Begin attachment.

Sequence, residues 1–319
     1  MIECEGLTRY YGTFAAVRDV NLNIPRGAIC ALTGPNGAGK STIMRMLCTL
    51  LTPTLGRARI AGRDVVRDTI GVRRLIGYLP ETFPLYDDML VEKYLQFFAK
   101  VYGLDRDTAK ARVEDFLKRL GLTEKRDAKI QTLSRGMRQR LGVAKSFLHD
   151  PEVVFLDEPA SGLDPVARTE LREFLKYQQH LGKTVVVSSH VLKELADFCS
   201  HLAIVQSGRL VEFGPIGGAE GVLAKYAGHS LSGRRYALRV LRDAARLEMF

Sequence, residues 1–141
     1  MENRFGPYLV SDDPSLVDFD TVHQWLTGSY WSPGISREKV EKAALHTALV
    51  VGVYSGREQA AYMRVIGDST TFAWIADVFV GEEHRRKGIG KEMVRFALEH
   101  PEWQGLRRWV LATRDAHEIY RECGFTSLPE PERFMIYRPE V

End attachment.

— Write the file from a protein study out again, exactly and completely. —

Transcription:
Sequence, residues 1–319
     1  MIECEGLTRY YGTFAAVRDV NLNIPRGAIC ALTGPNGAGK STIMRMLCTL
    51  LTPTLGRARI AGRDVVRDTI GVRRLIGYLP ETFPLYDDML VEKYLQFFAK
   101  VYGLDRDTAK ARVEDFLKRL GLTEKRDAKI QTLSRGMRQR LGVAKSFLHD
   151  PEVVFLDEPA SGLDPVARTE LREFLKYQQH LGKTVVVSSH VLKELADFCS
   201  HLAIVQSGRL VEFGPIGGAE GVLAKYAGHS LSGRRYALRV LRDAARLEMF

Sequence, residues 1–141
     1  MENRFGPYLV SDDPSLVDFD TVHQWLTGSY WSPGISREKV EKAALHTALV
    51  VGVYSGREQA AYMRVIGDST TFAWIADVFV GEEHRRKGIG KEMVRFALEH
   101  PEWQGLRRWV LATRDAHEIY RECGFTSLPE PERFMIYRPE V